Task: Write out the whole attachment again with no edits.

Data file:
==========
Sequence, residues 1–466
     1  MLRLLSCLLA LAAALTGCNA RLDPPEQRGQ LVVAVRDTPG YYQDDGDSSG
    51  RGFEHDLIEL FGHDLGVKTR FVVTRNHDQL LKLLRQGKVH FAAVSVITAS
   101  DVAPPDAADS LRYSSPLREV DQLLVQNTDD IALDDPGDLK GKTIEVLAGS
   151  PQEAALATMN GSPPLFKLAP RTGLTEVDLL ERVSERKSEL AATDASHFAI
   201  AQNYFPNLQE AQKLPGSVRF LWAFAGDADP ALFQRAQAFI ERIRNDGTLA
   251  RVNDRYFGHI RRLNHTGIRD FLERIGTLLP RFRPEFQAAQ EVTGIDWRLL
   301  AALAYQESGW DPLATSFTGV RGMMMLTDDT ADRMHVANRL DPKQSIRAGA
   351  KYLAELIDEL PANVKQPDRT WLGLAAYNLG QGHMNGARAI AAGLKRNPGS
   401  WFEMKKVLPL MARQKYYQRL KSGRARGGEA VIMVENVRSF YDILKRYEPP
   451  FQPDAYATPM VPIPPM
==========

Sequence, residues 1–466
     1  MLRLLSCLLA LAAALTGCNA RLDPPEQRGQ LVVAVRDTPG YYQDDGDSSG
    51  RGFEHDLIEL FGHDLGVKTR FVVTRNHDQL LKLLRQGKVH FAAVSVITAS
   101  DVAPPDAADS LRYSSPLREV DQLLVQNTDD IALDDPGDLK GKTIEVLAGS
   151  PQEAALATMN GSPPLFKLAP RTGLTEVDLL ERVSERKSEL AATDASHFAI
   201  AQNYFPNLQE AQKLPGSVRF LWAFAGDADP ALFQRAQAFI ERIRNDGTLA
   251  RVNDRYFGHI RRLNHTGIRD FLERIGTLLP RFRPEFQAAQ EVTGIDWRLL
   301  AALAYQESGW DPLATSFTGV RGMMMLTDDT ADRMHVANRL DPKQSIRAGA
   351  KYLAELIDEL PANVKQPDRT WLGLAAYNLG QGHMNGARAI AAGLKRNPGS
   401  WFEMKKVLPL MARQKYYQRL KSGRARGGEA VIMVENVRSF YDILKRYEPP
   451  FQPDAYATPM VPIPPM